“Holding US Back: Regulation of the U.S. Manufacturing Sector,” Pareto Policy Solutions report to the National Association of Manufacturers, undated, A policy analysis firm details how regulations have harmed U.S. manufacturing companies.

“Materion Corporation and United Steelworkers Applaud Proposed OSHA Standard for Beryllium,” press release, Materion Corp., Aug. 6, 2015, The country’s largest producer of beryllium touts its agreement with the United Steelworkers union on a proposed exposure standard for the toxic metal.

“Occupational Exposure: Beryllium and Beryllium Compounds in Construction and Shipyard Sectors,”, June 27, 2017, The Occupational Safety and Health Administration explains its proposal to partially revoke Obama administration rules on beryllium exposure for certain workers.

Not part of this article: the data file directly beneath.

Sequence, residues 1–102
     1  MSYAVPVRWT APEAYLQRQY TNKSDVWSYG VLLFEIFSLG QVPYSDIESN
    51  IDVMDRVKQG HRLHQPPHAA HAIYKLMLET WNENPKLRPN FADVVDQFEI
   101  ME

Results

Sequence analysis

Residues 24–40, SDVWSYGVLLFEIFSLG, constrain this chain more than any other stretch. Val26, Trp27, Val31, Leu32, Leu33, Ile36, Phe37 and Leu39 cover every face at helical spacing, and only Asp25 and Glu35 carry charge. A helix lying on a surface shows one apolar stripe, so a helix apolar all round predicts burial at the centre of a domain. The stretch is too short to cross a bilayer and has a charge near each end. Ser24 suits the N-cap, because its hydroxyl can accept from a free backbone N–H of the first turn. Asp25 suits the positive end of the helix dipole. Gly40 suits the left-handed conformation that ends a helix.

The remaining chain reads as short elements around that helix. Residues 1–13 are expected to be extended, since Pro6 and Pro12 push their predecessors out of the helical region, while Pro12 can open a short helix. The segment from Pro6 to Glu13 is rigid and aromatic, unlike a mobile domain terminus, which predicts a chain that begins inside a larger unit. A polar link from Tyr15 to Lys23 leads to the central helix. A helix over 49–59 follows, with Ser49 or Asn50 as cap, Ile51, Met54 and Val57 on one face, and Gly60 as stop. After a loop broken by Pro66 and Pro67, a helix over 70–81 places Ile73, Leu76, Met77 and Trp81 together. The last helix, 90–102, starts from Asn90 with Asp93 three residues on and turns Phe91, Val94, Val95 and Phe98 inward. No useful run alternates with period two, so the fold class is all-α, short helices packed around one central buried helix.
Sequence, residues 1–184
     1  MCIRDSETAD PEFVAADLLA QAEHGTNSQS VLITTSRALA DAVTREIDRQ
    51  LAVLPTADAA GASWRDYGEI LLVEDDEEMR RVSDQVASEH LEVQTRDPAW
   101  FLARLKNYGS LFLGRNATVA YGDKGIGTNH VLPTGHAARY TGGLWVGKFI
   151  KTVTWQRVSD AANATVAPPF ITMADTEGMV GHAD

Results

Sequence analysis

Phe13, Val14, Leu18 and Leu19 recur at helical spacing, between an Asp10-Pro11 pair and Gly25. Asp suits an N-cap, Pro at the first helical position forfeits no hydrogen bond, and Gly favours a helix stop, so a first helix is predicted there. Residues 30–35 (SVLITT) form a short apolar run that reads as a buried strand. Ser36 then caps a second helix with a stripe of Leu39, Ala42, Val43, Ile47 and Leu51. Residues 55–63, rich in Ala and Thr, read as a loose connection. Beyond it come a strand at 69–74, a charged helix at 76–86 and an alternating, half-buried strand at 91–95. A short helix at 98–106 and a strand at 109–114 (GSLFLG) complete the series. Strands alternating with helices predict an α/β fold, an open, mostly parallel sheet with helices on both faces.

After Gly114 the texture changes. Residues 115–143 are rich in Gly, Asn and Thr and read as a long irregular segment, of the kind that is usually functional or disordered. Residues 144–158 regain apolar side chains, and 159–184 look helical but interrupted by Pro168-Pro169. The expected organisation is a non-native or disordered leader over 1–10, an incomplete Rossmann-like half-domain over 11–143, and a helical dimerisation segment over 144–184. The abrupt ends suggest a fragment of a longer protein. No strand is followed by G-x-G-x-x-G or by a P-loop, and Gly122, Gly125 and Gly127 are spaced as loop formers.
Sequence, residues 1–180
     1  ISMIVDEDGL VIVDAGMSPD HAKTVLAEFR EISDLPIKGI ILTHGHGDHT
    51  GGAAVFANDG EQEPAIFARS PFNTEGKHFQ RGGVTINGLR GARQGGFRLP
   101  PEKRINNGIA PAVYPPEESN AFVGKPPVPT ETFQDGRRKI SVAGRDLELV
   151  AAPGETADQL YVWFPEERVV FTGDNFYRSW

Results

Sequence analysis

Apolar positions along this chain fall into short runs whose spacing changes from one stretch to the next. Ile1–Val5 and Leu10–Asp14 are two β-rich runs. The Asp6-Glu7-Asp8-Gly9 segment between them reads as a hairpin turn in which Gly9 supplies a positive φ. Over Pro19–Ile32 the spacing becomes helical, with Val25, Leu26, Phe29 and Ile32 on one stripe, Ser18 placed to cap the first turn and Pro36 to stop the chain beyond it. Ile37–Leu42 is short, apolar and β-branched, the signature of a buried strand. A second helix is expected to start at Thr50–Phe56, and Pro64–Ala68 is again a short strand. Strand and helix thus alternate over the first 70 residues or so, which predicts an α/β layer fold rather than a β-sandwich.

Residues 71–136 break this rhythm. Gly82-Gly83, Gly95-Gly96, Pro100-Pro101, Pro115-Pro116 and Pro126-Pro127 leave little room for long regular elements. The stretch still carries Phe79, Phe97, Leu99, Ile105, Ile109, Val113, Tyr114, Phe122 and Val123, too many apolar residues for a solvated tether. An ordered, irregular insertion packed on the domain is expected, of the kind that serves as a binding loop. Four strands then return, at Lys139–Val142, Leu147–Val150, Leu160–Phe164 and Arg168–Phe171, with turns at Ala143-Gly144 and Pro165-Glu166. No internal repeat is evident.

“Small Business Impact: Ronald Myers, Hot Shot Equipment Company,” U.S. Chamber of Commerce, undated, Chamber officials use the story of a defunct Arizona fence company to show what businesses have to fear from overregulation.

The Next Step

Company Practices

Caskey, Judson, and N. Bugra Ozel, “Research: Workplace Injuries Are More Common When Companies Face Earnings Pressure,” Harvard Business Review, May 18, 2017, A new study found that worker injury and illness rates are 5 to 15 percent higher during periods when a firm meets or just beats earnings expectations, because of higher workloads and cuts to safety-related expenditures.

DePass, Dee, “Minnesota companies put safety as a top priority,” Star Tribune, Feb. 4, 2017, Many small Minnesota companies have taken advantage of government and industry programs, such as free consultations and $10,000 safety grants, to reduce the number of workplace injuries.